Since the arrival of white settlers, Alaska has been dependent on the development of successive natural resources- fur, then gold, salmon, copper, timber, and now oil. In "Frigid Embrace," Stephen Haycox explores how the drive to extract natural resources has shaped Alaskans' understanding of nature and their relationships with the region's Native people.
Vast, wild, and remote, Alaska has long been perceived as the last American frontier, where adventurous, self-reliant settlers could carve a new life through sweat and sheer strength of will. The truth is, however, that Alaska is supported by the highest per capita federal spending in the nation. And rather than escaping the consumer-oriented urban culture of mainstream America, Alaskan settlers have replicated it on the last frontier.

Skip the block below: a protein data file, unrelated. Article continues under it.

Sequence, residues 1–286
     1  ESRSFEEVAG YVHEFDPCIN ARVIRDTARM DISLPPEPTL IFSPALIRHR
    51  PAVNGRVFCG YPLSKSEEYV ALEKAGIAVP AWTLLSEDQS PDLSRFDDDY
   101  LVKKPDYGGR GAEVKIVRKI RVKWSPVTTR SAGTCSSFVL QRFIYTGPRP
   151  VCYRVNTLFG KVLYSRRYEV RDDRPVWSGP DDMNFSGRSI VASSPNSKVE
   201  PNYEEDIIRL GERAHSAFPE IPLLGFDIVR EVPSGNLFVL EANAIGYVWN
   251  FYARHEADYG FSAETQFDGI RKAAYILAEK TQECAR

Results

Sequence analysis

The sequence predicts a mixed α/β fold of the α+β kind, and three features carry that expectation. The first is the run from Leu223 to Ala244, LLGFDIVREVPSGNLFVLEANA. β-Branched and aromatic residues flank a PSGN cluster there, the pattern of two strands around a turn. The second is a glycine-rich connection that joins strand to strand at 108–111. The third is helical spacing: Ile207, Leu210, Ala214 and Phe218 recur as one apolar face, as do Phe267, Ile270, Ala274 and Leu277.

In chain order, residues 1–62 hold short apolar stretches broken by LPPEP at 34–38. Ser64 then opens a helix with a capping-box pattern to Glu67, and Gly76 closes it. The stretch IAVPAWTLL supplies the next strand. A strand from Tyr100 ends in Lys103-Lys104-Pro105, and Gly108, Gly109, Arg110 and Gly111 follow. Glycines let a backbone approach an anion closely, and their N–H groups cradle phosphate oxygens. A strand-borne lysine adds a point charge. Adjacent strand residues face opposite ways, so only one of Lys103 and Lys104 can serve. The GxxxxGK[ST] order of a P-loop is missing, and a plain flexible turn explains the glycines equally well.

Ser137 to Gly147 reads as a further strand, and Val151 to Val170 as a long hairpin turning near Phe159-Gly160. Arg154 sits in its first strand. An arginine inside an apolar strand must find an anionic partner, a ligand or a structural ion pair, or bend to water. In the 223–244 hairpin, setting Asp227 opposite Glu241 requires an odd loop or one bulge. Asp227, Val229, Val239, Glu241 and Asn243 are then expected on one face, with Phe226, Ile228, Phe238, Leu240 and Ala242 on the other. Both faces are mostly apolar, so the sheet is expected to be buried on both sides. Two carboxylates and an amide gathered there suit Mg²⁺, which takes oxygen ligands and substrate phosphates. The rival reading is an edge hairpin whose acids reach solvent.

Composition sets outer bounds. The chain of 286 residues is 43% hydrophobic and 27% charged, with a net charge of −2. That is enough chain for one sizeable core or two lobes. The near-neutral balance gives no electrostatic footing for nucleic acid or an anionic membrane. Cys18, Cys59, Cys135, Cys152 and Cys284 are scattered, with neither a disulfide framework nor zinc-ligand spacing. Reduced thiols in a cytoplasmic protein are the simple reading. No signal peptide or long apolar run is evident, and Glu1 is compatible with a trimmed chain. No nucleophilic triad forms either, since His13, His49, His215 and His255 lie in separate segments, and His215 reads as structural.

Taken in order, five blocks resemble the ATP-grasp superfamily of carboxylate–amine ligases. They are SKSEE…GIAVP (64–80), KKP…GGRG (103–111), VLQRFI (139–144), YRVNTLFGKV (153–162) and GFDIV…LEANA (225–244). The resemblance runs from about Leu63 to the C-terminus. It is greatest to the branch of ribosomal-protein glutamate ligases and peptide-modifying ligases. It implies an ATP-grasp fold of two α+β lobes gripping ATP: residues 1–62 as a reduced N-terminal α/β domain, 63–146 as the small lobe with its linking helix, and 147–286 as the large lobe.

"Frigid Embrace" offers a revealing look at the social and political impact of Alaska's economic dependence, with chapters devoted to milestones such as the discovery of the Prudhoe Bay oil field and the Exxon Valdez debacle. It presents for a wide audience a compelling account of Alaska's colonial struggles and offers a key to understanding the historical roots of current environmental controversies.